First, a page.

Underhill Rose’s website describes their sound as “heartfelt country soul,” and this is largely accurate. The trio from Asheville, North Carolina certainly has elements of country (pedal steel colors a few tracks) and soul (especially in the vocals), but it’s the bluegrass and folk elements that stick out to me the most. Many songs are tinted with an almost 60s pop flavor; on several songs I was humming the hook the first time through. This and the fact that the band is made up of three females (Eleanor Underhill, banjo; Molly Rose Reed, guitar; Salley Williamson, upright bass) give Underhill Rose a unique and rich sound full of high harmonies and accessible but inventive melodies . On Something Real, their latest album released earlier in May of this year, the group handles well the balance between up-tempo tunes that make you want to go clogging on a piece of plywood at a barn dance and beautiful ballads that make you want to sit in a dark room alone with a pint or jar of your favorite something strong.
The album starts with a harmonica, banjo, and dobro infused bang in “Helpless Wanderer,” a celebration of the fact that it’s okay to feel lost in this big ole world because, well, we all do. It ends with a playful ode to the waning twenties (“The End Of 27”) that, with its heavy dose of trumpet and strummed banjo, wouldn’t sound out of place if played in a smoky jazz club of yesteryear. In between are gorgeous ballads about moving on (“Unused To You”) and the various life pains and frustrations that can lead to libations (“Drives Me To Drinking”), which contains the excellent line, “He’s talking trash and spitting game/ With a pocket full of his daddy’s change/ He thinks he knows what a woman wants/ But all I see is a boy in pain/ And I’m wondering where all the real men are/ But somehow I know they won’t be found in this old bar.” Fun, toe-tapping songs about true friendship (“They Got My Back”) and the simple life (“Little House”) offer a nice counter to those grittier realities, with the latter giving great advice on the best way to keep a house heated and a glimpse of the band’s care-free sense of humor: “I just want to have a little house/ Red tin roof and a kitchen mouse.”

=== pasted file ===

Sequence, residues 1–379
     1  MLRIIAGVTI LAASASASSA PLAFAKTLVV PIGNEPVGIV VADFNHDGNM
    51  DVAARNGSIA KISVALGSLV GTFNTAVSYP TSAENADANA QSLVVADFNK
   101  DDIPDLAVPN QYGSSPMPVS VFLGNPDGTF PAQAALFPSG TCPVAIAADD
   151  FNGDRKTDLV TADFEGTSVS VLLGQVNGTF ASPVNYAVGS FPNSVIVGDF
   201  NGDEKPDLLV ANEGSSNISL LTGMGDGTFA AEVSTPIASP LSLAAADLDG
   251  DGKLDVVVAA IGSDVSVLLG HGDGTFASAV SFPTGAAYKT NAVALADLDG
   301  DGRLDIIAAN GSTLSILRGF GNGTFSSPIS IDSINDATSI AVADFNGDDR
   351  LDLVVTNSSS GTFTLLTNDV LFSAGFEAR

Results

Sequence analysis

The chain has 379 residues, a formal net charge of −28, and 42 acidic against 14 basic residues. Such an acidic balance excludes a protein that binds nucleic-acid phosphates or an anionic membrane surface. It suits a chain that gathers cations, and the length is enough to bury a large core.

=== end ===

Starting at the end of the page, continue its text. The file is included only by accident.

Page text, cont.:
The spin that sealed the deal for me came while driving one town over, from Lexington to Paris, Kentucky, to meet a friend for dinner. There are picturesque and expansive horse farms for miles on either side of the road. The bustling traffic of the city subsides in favor of the quiet music of the country. Excluding headphones or spinning vinyl in a darkened room, there is no better atmosphere in the world that allows you to truly listen to an album. The sultry folk of Something Real provided the perfect soundtrack for that head-clearing drive. Over a span of roughly 47 minutes and 13 tracks, it’s great music for driving on the open road toward a new horizon.
Buy Something Real